OAKLAND -- Mike Trout started off missing everything left, but then suddenly the superstar center fielder got hot. He nailed a shot from the corner, then two in a row from about 26 feet away. And Draymond Green -- NBA champion, integral member of arguably the greatest basketball team ever
OAKLAND -- Mike Trout started off missing everything left, but then suddenly the superstar center fielder got hot. He nailed a shot from the corner, then two in a row from about 26 feet away. And Draymond Green -- NBA champion, integral member of arguably the greatest basketball team ever assembled -- lost the impromptu game of P-I-G, a shorter version of H-O-R-S-E.
Steph Curry wasn't having it.
The Angels were merely here to spectate, to observe, to shake hands, to take pictures, maybe even acquire some autographs. Not to beat up on Curry's Golden State Warriors teammates. So he challenged them to another game, hitting a shot from the elbow and another one slightly behind the basket and another one basically from half-court.
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Trout was knocked out first, then Albert Pujols and then Cliff Pennington. But Joe Smith, the sidearm reliever with a wife, Allie LaForce, who played collegiate basketball, managed to get two letters on Curry, one of them with a reverse bank shot from the free-throw line.
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He grabbed the ball and stationed himself behind the three-point line.
"Left hand," Smith called out, then he drained the shot.
Curry tried the same, but it rimmed out, and the four Angels players threw up their hands and celebrated at center court.
Smith then held a press conference.
"We knew somebody had to beat him," Smith said, playfully, in front of a handful of cameras and about a dozen reporters. "We couldn't walk out of here without a win. That's not making ESPN."
For most of late Tuesday morning, the four Angels players sat courtside at the end of the Warriors' practice facility, watching them wind down their workouts the day before taking a shot at history. If the Warriors beat the Memphis Grizzlies on Wednesday night, they'll finish the 2015-16 season 73-9, besting the 1995-96 Chicago Bulls team that finished 72-10.
"It's must-watch TV now in the NBA when [Curry] plays, and obviously when the Warriors play," Trout said of the reigning NBA champs. "… You go for records, you go for rings, and you set your goals high. Obviously they set their goals real high."
Trout is a loyal fan of the Sixers -- a revelation that prompted a collective moan from the media that encircled him -- and was actually a pretty good basketball player at Millville High School. His game "is not there anymore," Trout said, moments before throwing down a one-handed dunk with slacks and a button-down shirt.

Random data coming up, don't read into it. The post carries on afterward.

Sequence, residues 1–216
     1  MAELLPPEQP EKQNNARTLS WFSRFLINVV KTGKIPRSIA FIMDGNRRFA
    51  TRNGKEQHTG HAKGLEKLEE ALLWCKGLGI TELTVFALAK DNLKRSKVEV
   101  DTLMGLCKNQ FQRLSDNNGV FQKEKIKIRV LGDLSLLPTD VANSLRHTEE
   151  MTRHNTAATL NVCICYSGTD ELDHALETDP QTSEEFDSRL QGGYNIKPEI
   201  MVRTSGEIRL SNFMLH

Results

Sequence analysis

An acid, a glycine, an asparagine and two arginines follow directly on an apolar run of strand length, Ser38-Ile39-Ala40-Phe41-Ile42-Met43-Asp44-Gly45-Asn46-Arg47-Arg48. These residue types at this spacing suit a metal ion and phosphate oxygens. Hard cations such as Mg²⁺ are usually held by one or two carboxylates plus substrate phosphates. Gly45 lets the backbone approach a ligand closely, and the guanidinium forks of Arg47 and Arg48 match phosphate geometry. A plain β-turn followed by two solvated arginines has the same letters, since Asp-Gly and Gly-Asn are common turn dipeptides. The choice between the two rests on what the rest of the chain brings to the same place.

After losing to Trout -- small sample size, of course -- Green admitted that he's "not very good at shooting games."
"I can shoot in the games," Green said, "but I'm not good at shooting games. It's cool, though. It's fun."
Smith, meanwhile, downplayed the significance of his own victory.
"He wasn't even trying," Smith said of Curry, who played after going through an entire practice with his team and then putting up 100 shots of his own, making 90 of them.
Gif: Joe Smith and Stephen Curry play horse
The Angels watched Curry shoot on one end of the floor and Klay Thompson, Curry's back-court partner and one of the game's most lethal three-point shooters, bury shot after shot directly in front of them.
"Incredible," Trout said. "They weren't missing."
Thompson, whose brother, Trayce Thompson, is an outfielder for the Dodgers, came by and greeted the Angels after his shooting exhibition.
Curry came next, and the Angels presented him with his own No. 30 jersey. Trout, Pujols and Curry have combined to make 17 All-Star Game appearances and have collective five Most Valuable Player Awards.
"I've watched Albert Pujols for years and never met him before," Curry said, "so that's pretty cool. And obviously Mike Trout and the rest of the teammates, talented guys in their trade, so it's pretty cool that they'd come out and watch us practice and get to chop it up for a little bit."
Alden Gonzalez is a reporter for MLB.com. Follow him on Twitter @Alden_Gonzalez and Facebook , and listen to his podcast.